This function either centers and scales a continuous variable and provides options for binary variables, or returns an untransformed variable from a centered and scaled variable.

`CenterScale(x, Binary="none", Inverse=FALSE, mu, sigma, Range, Min)`

x

This is a vector to be centered and scaled, or to be
untransformed if `Inverse=TRUE`

.

Binary

This argument indicates how binary variables will be
treated, and defaults to `"none"`

, which keeps the original
scale, or transforms the variable to the 0-1 range, if not already
there. With `"center"`

, it will center the binary variable by
subtracting the mean. With `"center0"`

, it centers the binary
variable at zero, recoding a 0 to -0.5, and a 1 to 0.5. Finally,
`"centerscale"`

will center and scale the binary variable,
subtracting the mean and dividing by two standard deviations.

Inverse

Logical. If `TRUE`

, then a centered and scaled
variable `x`

will be transformed to its original, un-centered
and un-scaled state. This defaults to `FALSE`

.

mu, sigma, Range, Min

These arguments are required only when
`Inverse=TRUE`

, where `mu`

is the mean, `sigma`

is
the standard deviation, `Range`

is the range, and `Min`

is
the minimum of the original `x`

. `Range`

and `Min`

are used only when `Binary="none"`

or `Binary="center0"`

.

The `CenterScale`

function returns a centered and scaled vector,
or the untransformed vector.

Gelman (2008) recommends centering and scaling continuous predictors
to facilitate MCMC convergence and enable comparisons between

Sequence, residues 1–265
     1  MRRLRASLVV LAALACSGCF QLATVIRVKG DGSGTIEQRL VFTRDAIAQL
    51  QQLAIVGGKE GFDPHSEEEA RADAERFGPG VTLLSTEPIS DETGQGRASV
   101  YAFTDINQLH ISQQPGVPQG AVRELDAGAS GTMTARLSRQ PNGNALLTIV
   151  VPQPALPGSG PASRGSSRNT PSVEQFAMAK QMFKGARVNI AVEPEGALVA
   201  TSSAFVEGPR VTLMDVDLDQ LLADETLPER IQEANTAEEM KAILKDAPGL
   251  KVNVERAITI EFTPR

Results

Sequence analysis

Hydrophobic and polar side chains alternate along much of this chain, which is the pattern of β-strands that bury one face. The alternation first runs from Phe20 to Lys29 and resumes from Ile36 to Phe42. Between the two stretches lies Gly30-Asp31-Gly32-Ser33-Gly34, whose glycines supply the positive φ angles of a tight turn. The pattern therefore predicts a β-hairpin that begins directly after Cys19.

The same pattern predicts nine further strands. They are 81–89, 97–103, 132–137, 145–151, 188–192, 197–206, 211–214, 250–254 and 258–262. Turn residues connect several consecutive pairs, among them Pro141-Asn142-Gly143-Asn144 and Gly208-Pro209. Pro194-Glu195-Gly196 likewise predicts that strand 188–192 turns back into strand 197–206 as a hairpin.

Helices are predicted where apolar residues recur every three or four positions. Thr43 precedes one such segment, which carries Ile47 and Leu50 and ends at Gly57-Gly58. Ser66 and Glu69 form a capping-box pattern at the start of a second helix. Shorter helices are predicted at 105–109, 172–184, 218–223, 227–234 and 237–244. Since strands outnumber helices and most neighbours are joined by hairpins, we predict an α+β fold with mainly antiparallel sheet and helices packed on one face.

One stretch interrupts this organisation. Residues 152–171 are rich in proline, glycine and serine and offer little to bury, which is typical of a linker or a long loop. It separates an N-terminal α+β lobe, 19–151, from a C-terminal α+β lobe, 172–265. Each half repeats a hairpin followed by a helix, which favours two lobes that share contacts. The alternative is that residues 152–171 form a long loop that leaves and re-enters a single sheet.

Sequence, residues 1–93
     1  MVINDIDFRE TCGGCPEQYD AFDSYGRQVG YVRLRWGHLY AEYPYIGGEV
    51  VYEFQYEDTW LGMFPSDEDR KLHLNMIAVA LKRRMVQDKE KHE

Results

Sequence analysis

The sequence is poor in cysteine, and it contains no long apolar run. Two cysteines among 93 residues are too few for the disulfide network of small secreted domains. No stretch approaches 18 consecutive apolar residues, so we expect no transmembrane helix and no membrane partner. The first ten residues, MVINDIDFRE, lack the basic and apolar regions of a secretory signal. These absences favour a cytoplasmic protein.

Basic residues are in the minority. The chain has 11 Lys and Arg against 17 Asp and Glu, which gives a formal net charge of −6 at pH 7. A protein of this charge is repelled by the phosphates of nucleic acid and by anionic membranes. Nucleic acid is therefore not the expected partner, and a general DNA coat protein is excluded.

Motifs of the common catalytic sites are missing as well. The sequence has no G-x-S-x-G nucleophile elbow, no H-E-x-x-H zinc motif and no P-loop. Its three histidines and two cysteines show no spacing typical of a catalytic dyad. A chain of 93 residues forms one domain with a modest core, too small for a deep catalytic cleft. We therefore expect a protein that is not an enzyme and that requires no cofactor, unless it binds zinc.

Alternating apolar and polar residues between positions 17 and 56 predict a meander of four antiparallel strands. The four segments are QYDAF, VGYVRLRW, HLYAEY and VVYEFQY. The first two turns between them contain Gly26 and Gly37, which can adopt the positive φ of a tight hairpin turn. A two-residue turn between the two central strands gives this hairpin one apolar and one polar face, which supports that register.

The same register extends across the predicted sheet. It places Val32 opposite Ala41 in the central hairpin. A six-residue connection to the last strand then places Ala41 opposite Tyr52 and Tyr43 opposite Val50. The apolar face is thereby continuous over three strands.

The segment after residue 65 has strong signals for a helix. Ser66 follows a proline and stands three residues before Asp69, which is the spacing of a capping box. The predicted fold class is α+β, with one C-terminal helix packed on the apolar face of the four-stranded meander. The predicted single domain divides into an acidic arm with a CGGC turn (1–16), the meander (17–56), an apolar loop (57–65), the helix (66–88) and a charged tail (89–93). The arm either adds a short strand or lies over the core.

coefficients of centered and scaled continuous predictors with
coefficients of untransformed binary predictors. A continuous
predictor is centered and scaled as follows: ```
x.cs <- (x -
mean(x)) / (2*sd(x))
```

. This is an improvement over the usual
practice of standardizing predictors, which is ```
x.z <- (x -
mean(x)) / sd(x)
```

, where coefficients cannot be validly compared
between binary and continuous predictors.

In MCMC, such as in `LaplacesDemon`

, a centered and
scaled predictor often results in a higher effective sample size
(`ESS`

), and therefore the chain mixes better. Centering
and scaling is a method of re-parameterization to improve mixing.

Griffin and Brown (2013) also assert that the user may not want to scale predictors that are measured on the same scale, since scaling in this case may increase noisy, low signals. In this case, centering (without scaling) is recommended. To center a predictor, subtract its mean.

Gelman, A. (2008). "Scaling Regression Inputs by Dividing by Two Standard
Devations". *Statistics in Medicine*, 27, p. 2865--2873.

Griffin, J.E. and Brown, P.J. (2013) "Some Priors for Sparse
Regression Modelling". *Bayesian Analysis*, 8(3), p. 691--702.

`ESS`

,
`IterativeQuadrature`

,
`LaplaceApproximation`

,
`LaplacesDemon`

, and
`PMC`

.

```
# NOT RUN {
### See the LaplacesDemon function for an example in use.
library(LaplacesDemon)
x <- rnorm(100,10,1)
x.cs <- CenterScale(x)
x.orig <- CenterScale(x.cs, Inverse=TRUE, mu=mean(x), sigma=sd(x))
# }
```

Run the code above in your browser using DataLab